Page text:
There isn’t much room for discussion regarding SPDRs in my house, other than my daughter screaming, “Dad, can you come and kill a spider?” How she spots these tiny little things across the room is a mystery to me.
Sector funds are a double-edged sword. In the early days of sector mutual funds, one had to proceed with caution because the concentration of a sector fund meant you were exposed to a lot of volatility. Moreover, you couldn’t jump in and out of mutual funds intra-day. Then the fund companies cracked down on making too many trades within a certain number of months.
SPDR funds made it a lot easier to reallocate instantly. I think SPDR funds can have a place in certain portfolios, but one must tread wisely and keep an eye on them. If you don’t have an expertise in certain sectors, or an understanding of how they interface with the overall economy, you may want to avoid SPDR funds.
Here are three SPDRs I suggest avoiding for now:
3 Sector SPDR Funds to Sell Now: Materials Select Sector SPDR Fund (XLB)
The Materials Select Sector SPDR ETF (NYSEARCA:XLB) is not a place I want to be right now. The economy is really just sputtering along and the demand for materials is not what it could be.
We’re talking about chemicals, construction materials, containers, packaging, metals and mining, and paper and forest products.
Certainly the miners are struggling because commodity prices are down. The environmentalists control the national narrative right now, harming forest and paper products. The chemicals industry is under siege from everyone who hears the very word “chemical” and freaks out. And God forbid you even mention Monsanto Company (NYSE:MON).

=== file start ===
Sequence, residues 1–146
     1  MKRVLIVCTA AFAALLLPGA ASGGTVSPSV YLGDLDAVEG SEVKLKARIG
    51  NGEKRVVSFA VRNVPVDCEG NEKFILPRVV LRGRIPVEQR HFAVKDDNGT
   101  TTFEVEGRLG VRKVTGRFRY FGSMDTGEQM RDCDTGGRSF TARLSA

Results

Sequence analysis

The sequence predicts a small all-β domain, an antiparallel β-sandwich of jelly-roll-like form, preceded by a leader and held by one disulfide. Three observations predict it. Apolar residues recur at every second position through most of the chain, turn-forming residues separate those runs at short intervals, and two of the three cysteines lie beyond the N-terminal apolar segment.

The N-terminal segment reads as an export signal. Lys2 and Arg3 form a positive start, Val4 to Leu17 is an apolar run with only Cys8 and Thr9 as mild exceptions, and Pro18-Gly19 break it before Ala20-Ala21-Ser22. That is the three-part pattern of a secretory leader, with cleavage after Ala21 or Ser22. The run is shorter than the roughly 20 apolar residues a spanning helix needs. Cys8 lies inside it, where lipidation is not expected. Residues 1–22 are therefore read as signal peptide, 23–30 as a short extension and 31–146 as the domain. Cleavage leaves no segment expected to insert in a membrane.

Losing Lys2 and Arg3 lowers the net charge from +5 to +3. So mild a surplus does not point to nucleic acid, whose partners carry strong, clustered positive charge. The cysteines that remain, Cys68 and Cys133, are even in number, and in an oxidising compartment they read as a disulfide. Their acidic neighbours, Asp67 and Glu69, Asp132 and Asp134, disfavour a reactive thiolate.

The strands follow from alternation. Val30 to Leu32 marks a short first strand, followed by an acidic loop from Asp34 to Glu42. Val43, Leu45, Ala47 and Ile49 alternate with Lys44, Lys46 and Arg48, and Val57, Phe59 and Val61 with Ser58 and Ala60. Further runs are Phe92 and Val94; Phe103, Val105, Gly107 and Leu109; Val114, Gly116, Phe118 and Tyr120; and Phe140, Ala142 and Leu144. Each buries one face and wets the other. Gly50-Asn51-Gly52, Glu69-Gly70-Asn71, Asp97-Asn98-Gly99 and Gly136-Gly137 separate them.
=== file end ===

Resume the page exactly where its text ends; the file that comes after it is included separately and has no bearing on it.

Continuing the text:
The top 10 holdings make up 63% of the index — that’s way too much concentration. That’s also why we’re seeing underperformance in the SPDR fund.
3 Sector SPDR Funds to Sell Now: Industrial Select Sector SPDR Fund (XLI)
A close cousin to this is the Industrials Select Sector SPDR Fund (NYSEARCA:XLI). For much of the same reasons I mentioned with the Materials SPDR, the Industrials SPDR is facing the same economic headwinds.
There is some offset here, in that you have some defense and aerospace, which are traditionally pretty resilient. Yet there are a host of other conglomerates in the SPDR that are struggling.
The top 10 holdings also account for 46% of the asset base, which isn’t as high as the XLB SPDR, but is still pretty high.
Since the SPDRs inception in 1998, the XLB SPDR has been the fourth-best performer out of nine total. Interestingly, it is always in the middle of the pack. That’s likely due to the cyclicality of the sector, and another reason I’m not keen on it.
I think you sell this particular SPDR here.
3 Sector SPDR Funds to Sell Now: Utilities Select SPDR Fund (XLU)
I think other than those two, you are probably good to hold others, but if I had to suggest one other one to dump, I might suggest the Utilities Select Sector SPDR Fund (NYSEARCA:XLU).
I think there’s been a rush away from the low-to-no interest rates that bonds are paying, and income investors went into utilities and other yield stocks. Utilities are running close to all-time highs in their price-to-earnings ratios, and the XLU is just off its all-time high.
The 3.5% yield is attractive, but the risk of significant downside makes that seem paltry.
Utilities are themselves important elements in a diversified portfolio because they are, in many ways, recession-resistant. People need electricity and the regulated format that many of them take means a constant flow of cash to address debt, capital expenditures and dividend payments.
Still, I think there’s less risk and higher dividends in preferred stocks. That’s where I’d turn instead if you want yield.
Lawrence Meyers is the CEO of PDL Capital, a specialty lender focusing on consumer finance. He has 20 years’ experience in the stock market, and has written more than 1,200 articles on investing. He is the Manager of the forthcoming Liberty Portfolio. He can be reached at TheLibertyPortfolio@gmail.com. As of this writing, he held no positions in any of the aforementioned securities.